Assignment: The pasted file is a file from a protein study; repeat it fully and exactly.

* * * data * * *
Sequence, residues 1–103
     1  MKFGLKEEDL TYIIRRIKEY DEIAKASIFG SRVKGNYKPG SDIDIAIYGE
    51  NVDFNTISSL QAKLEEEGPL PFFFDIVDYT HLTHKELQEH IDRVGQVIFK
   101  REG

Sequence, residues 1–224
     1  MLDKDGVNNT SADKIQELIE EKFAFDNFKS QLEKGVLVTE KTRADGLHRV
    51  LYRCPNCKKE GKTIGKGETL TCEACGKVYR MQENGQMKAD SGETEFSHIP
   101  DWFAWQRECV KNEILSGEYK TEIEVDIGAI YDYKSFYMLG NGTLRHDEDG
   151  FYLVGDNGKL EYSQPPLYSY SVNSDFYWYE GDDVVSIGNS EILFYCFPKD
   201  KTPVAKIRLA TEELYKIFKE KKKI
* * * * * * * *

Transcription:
Sequence, residues 1–103
     1  MKFGLKEEDL TYIIRRIKEY DEIAKASIFG SRVKGNYKPG SDIDIAIYGE
    51  NVDFNTISSL QAKLEEEGPL PFFFDIVDYT HLTHKELQEH IDRVGQVIFK
   101  REG

Sequence, residues 1–224
     1  MLDKDGVNNT SADKIQELIE EKFAFDNFKS QLEKGVLVTE KTRADGLHRV
    51  LYRCPNCKKE GKTIGKGETL TCEACGKVYR MQENGQMKAD SGETEFSHIP
   101  DWFAWQRECV KNEILSGEYK TEIEVDIGAI YDYKSFYMLG NGTLRHDEDG
   151  FYLVGDNGKL EYSQPPLYSY SVNSDFYWYE GDDVVSIGNS EILFYCFPKD
   201  KTPVAKIRLA TEELYKIFKE KKKI